Tips on how to effectively communicate with your child's teacher

Charly Edsitty Image
Tuesday, September 29, 2020
How to effectively communicate with your child's teacher
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Things can get awkward and downright offensive pretty quickly when an email gets misinterpreted. Here's how experts say you can avoid the awkward moments.

HOUSTON, Texas (KTRK) -- Things can get awkward and downright offensive pretty quickly when the words in an email get misinterpreted.

With COVID-19 pushing the world to become more and more virtual, communicating with your child's teacher may be relegated to either an email or a text message.

So, how can you communicate clearly and effectively?

Michael Munier is an educational consultant with Firat Education and a former principal with more than three decades of experience.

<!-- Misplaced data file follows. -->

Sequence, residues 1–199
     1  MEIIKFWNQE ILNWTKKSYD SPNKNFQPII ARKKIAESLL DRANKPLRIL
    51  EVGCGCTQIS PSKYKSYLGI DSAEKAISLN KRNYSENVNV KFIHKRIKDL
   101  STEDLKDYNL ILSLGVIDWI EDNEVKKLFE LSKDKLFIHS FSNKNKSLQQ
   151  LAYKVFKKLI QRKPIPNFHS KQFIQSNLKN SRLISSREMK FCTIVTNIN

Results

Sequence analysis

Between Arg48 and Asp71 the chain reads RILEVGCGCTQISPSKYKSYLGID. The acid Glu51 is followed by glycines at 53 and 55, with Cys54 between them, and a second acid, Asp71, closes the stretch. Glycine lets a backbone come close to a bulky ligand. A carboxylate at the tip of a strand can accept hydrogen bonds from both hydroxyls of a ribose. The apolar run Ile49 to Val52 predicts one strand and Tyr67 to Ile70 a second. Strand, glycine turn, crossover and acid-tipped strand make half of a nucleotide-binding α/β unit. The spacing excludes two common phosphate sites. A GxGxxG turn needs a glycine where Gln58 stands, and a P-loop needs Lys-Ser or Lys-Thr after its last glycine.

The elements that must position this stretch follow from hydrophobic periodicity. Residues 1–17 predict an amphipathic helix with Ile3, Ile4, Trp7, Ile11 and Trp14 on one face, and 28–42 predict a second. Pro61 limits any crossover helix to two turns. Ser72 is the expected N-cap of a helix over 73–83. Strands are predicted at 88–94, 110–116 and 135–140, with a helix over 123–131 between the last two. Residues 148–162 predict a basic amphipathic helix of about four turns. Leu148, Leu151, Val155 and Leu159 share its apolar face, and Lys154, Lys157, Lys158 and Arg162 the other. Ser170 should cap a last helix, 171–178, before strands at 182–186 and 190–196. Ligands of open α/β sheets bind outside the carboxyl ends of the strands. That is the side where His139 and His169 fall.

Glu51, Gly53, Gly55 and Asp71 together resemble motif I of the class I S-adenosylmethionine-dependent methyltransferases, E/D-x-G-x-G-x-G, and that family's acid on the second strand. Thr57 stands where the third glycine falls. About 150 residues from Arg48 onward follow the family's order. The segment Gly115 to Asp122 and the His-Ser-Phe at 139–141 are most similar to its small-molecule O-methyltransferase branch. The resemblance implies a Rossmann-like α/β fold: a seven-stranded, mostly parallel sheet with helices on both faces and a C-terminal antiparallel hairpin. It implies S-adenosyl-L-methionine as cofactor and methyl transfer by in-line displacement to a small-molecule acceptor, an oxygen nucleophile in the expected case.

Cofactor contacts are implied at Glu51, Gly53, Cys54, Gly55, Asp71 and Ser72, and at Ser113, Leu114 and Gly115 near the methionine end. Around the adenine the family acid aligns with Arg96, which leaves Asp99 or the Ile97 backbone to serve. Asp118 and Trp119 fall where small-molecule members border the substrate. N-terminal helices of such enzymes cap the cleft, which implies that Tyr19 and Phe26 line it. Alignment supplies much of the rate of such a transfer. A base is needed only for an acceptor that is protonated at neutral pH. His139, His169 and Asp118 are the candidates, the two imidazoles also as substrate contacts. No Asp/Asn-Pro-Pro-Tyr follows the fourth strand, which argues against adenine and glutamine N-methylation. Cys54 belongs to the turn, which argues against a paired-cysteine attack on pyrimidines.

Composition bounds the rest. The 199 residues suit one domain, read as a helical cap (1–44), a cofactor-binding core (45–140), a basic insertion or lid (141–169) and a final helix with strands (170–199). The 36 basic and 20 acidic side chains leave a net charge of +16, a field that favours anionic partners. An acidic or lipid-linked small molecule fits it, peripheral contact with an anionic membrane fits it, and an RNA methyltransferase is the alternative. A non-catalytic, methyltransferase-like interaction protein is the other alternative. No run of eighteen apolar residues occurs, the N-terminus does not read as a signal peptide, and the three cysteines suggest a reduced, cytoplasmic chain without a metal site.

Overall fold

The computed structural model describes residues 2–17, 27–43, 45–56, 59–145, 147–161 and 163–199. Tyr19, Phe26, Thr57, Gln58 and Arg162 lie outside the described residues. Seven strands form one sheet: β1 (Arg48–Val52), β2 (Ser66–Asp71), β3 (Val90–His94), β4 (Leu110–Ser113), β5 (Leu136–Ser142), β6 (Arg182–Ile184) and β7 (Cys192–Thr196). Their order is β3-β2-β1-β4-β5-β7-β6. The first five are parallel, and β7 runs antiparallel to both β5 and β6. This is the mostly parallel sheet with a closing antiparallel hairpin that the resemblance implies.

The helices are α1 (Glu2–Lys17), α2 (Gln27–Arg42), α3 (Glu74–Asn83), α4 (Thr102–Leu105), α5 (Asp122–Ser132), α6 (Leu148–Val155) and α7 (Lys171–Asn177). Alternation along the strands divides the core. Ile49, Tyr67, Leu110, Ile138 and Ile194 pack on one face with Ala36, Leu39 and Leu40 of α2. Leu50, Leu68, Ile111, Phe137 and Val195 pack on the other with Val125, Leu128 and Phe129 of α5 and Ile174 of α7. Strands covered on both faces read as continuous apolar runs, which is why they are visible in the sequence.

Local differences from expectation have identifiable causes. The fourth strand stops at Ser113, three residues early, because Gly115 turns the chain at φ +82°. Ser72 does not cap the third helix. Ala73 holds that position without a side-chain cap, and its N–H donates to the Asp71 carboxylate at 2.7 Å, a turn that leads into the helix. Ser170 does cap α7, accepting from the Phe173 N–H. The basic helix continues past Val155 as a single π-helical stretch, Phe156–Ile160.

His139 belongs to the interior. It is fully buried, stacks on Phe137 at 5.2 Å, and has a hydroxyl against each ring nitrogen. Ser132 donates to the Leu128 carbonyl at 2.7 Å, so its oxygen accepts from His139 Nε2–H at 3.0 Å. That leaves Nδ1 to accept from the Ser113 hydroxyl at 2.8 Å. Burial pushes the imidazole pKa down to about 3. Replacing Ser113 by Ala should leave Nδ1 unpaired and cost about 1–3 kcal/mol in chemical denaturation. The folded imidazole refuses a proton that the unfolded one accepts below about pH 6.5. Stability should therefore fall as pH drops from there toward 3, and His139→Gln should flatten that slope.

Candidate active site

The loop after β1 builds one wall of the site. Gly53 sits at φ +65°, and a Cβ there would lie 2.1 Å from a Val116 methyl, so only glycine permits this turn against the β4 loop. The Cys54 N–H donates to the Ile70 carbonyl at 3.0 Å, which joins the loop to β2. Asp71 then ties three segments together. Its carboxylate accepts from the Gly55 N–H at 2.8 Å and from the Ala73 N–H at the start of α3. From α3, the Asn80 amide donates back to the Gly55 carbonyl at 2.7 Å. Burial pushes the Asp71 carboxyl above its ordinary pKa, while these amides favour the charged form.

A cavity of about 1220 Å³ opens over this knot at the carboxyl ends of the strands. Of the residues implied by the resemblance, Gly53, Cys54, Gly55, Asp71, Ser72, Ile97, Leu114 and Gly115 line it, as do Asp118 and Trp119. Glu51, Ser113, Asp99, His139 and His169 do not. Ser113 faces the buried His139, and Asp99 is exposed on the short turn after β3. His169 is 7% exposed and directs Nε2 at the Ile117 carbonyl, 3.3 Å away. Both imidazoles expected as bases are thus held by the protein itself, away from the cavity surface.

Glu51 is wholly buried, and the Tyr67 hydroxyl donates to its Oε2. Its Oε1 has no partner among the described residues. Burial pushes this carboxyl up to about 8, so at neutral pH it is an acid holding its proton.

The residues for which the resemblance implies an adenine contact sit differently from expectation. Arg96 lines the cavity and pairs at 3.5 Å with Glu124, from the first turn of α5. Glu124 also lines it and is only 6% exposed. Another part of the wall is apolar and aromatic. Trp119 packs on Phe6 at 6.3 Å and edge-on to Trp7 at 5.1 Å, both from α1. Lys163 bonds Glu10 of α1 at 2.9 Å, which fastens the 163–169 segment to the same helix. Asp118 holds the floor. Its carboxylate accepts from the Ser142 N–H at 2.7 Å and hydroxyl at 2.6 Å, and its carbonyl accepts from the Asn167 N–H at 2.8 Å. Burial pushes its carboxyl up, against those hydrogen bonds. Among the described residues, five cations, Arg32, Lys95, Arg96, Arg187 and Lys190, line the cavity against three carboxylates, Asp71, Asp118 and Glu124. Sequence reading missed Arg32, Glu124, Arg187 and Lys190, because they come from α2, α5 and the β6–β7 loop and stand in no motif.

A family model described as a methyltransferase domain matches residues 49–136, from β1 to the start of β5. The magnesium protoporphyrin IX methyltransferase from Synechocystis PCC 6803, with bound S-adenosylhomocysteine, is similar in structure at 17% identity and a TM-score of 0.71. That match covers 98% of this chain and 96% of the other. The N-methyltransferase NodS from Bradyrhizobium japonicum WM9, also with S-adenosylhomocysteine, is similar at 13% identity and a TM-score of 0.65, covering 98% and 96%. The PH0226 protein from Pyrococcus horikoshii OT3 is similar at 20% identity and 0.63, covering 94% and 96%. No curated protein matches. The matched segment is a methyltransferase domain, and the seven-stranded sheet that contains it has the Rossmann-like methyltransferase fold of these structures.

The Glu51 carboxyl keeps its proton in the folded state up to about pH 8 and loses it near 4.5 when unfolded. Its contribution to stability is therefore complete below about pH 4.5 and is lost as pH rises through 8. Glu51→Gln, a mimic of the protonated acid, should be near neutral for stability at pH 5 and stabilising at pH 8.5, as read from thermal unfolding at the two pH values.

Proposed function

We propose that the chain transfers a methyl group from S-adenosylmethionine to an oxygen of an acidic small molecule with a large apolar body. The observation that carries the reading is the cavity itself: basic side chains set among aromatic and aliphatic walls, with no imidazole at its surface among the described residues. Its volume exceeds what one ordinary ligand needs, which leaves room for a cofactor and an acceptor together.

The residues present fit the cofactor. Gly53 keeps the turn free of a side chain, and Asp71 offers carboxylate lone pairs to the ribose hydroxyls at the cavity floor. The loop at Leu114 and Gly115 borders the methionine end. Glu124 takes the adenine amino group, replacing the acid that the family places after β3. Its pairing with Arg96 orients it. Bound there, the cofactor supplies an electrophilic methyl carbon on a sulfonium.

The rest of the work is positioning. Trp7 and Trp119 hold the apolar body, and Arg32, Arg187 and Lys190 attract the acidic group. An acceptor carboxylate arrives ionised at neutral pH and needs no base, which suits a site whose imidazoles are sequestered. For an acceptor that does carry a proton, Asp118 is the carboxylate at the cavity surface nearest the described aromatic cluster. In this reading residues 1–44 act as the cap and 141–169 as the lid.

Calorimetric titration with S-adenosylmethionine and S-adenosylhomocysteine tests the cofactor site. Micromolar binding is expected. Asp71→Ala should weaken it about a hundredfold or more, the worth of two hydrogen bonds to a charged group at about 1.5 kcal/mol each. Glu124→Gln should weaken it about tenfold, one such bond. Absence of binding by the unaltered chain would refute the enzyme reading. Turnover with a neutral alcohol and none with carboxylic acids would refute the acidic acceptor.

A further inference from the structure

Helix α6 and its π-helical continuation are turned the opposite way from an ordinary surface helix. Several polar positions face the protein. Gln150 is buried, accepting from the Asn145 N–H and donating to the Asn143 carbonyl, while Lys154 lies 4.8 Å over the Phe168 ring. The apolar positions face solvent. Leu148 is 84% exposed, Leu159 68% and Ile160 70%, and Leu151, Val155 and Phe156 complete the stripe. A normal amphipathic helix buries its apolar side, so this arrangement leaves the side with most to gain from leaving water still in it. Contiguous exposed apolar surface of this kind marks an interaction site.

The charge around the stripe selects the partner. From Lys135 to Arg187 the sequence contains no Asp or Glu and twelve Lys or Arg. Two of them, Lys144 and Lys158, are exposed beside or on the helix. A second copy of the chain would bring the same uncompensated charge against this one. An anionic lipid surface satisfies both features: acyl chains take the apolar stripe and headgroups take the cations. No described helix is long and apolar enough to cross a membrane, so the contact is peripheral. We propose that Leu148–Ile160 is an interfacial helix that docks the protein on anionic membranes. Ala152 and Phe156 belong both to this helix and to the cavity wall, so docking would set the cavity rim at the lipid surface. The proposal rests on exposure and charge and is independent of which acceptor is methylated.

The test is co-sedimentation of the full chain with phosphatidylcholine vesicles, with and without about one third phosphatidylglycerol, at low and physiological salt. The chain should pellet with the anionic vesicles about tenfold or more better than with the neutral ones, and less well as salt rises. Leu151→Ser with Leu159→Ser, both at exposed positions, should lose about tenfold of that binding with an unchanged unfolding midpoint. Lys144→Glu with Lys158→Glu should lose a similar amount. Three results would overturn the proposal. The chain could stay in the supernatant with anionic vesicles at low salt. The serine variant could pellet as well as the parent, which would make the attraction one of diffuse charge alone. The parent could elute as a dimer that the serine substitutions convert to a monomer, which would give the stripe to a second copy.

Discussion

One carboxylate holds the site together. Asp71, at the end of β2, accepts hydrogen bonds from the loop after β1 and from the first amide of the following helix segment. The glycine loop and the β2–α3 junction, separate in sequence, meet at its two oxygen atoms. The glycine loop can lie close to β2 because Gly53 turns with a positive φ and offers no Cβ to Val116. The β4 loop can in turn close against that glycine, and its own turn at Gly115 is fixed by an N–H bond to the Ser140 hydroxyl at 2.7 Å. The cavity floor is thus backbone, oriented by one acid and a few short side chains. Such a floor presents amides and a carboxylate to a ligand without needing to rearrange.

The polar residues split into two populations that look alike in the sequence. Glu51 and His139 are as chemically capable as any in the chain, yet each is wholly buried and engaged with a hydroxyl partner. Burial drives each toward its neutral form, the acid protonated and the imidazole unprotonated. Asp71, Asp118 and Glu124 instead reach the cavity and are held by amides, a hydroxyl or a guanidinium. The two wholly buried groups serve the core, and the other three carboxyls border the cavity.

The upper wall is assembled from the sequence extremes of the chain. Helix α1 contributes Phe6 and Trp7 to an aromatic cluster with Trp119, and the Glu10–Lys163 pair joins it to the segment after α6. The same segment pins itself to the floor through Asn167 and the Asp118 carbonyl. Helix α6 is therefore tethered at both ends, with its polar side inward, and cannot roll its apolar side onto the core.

These are his tips for parents when it comes to communicating with their child's teachers:

  • Communicate early and often.
  • Start the relationship early, before there's an actual problem or issue.
  • Introduce yourself and develop a partnership.
  • Share some of the positive interactions or events that have occurred already with your child and the teacher.
  • Exercise diplomacy and statesmanship.

And what should you do if there is a problem?

  • Don't let your emotions get the best of you.
  • Write a draft of your email or text and set it aside for a period of time before coming back to revise it with fresh eyes.
  • Read your letter as if you're receiving it. It can change your perspective and your words.
  • Use "I" statements instead of "you" statements.
  • Have a friend or family member read over the text before it is sent.

"When you communicate with your child's teacher, establish a proper tone," Munier advised. "That's really important. And always assume the best. Be collaborative in your approach."

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